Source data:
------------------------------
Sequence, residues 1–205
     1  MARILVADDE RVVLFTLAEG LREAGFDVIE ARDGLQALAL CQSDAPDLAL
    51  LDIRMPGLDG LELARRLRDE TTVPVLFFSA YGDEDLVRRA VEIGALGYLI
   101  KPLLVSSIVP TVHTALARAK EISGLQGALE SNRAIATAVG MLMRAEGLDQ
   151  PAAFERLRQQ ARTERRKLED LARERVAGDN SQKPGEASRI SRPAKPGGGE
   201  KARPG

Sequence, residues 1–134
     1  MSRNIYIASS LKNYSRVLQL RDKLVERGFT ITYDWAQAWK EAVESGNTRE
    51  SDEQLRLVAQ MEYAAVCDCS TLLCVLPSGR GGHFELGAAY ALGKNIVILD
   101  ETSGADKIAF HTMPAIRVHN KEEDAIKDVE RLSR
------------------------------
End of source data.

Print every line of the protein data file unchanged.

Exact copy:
Sequence, residues 1–205
     1  MARILVADDE RVVLFTLAEG LREAGFDVIE ARDGLQALAL CQSDAPDLAL
    51  LDIRMPGLDG LELARRLRDE TTVPVLFFSA YGDEDLVRRA VEIGALGYLI
   101  KPLLVSSIVP TVHTALARAK EISGLQGALE SNRAIATAVG MLMRAEGLDQ
   151  PAAFERLRQQ ARTERRKLED LARERVAGDN SQKPGEASRI SRPAKPGGGE
   201  KARPG

Sequence, residues 1–134
     1  MSRNIYIASS LKNYSRVLQL RDKLVERGFT ITYDWAQAWK EAVESGNTRE
    51  SDEQLRLVAQ MEYAAVCDCS TLLCVLPSGR GGHFELGAAY ALGKNIVILD
   101  ETSGADKIAF HTMPAIRVHN KEEDAIKDVE RLSR